BBC accused of poor taste by filming Tony Blair obituary – even though the former PM is just 58 years old

No reports of him being in bad health
Had a minor heart scare in office but keeps himself in good shape

By Damien Gayle
Last updated at 2:28 PM on 27th December 2011

The BBC have started filming interviews for Tony Blair’s obituary, it emerged today – even though the former prime minister is just 58 years old.

Leading Labour figures were said to be shocked to be approached by BBC producers putting together the tributes to Mr Blair.

There are no reports that the former PM is in bad health. Indeed, he was the youngest prime minister in nearly 200 years when he entered No. 10 in 1997 at the age of 43.


1983 Becomes MP for Sedgefield

July 1994 Blair is elected Leader of the Labour Party following the sudden death of his predecessor John Smith. Under his leadership, the party adopted the ‘New Labour’ strategy

May 1997 He Labour to a landslide victory in the general election, and becomes. at 43 years old, the youngest Prime Minister since Lord Liverpool in 1812.

1998 Plays a major part in the Good Friday Agreement.

October 2001 Sends UK troops in Afghanistan in support of George W Bush’s reign on terror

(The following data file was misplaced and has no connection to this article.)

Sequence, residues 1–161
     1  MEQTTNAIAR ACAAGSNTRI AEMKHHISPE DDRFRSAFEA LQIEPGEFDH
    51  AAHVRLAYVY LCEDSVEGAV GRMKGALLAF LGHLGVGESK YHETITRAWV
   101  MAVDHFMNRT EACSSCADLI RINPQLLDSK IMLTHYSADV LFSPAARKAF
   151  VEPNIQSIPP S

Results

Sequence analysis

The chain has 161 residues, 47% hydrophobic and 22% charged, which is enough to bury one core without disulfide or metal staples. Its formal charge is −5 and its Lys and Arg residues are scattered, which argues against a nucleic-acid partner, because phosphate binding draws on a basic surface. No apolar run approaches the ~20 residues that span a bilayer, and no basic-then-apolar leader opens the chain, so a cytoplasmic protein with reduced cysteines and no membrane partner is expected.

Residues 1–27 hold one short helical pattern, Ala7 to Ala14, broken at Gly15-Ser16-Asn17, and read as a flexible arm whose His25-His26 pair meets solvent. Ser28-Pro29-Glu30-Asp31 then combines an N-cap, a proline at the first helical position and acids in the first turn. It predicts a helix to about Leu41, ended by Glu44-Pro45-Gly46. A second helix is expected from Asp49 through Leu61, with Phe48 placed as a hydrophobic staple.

2003 Gives further backing to Bush’s foreign policy by sending troops into Iraq.

May 2005 Blair wins a third consecutive election and becomes, the only person to have led the Labour Party to three consecutive general election victories

June 2007 He is succeeded as Labour leader and as Prime Minister by Gordon Brown. On the day he resigned as Prime Minister, he was appointed the official Envoy of the Quartet on the Middle East.

May 2008 Blair launches his Tony Blair Faith Foundation.

‘He is still a relatively young man who I’m sure has got a lot of years left in him yet.’

Mr Blair, who was prime minister for 10 years, had a relatively minor heart scare in office, but is known to keep himself in good shape.

He and his wife, Cherie, had three children when he entered office. She gave birth to another son, Leo, in 2000 – the first baby born to a serving PM in more than 150 years.

Since leaving office he has made a multimillion pound fortune out of corporate consultancy and on the international speaking circuit.

He has also taken up a role as official Middle East envoy of the Quartet and, in 2008, launched his Tony Blair Faith Foundation.

Any tribute to the former prime minister is sure to focus on the three wars he involved the country in – in the former Yugoslavia, Afghanistan and Iraq.

The latter war, which started in 2003, was apparently promoted to the public on dubious grounds – with the now-notorious ‘dodgy dossier’ – and the bloodshed caused his popularity to plummet.

Mr Blair stood down in June 2007, on the eve of the financial crisis that sparked the credit crunch and ensuing global recession, in favour of his Chancellor, Gordon Brown.

A BBC spokesman told the Sun: ‘We don’t comment on obituaries.’

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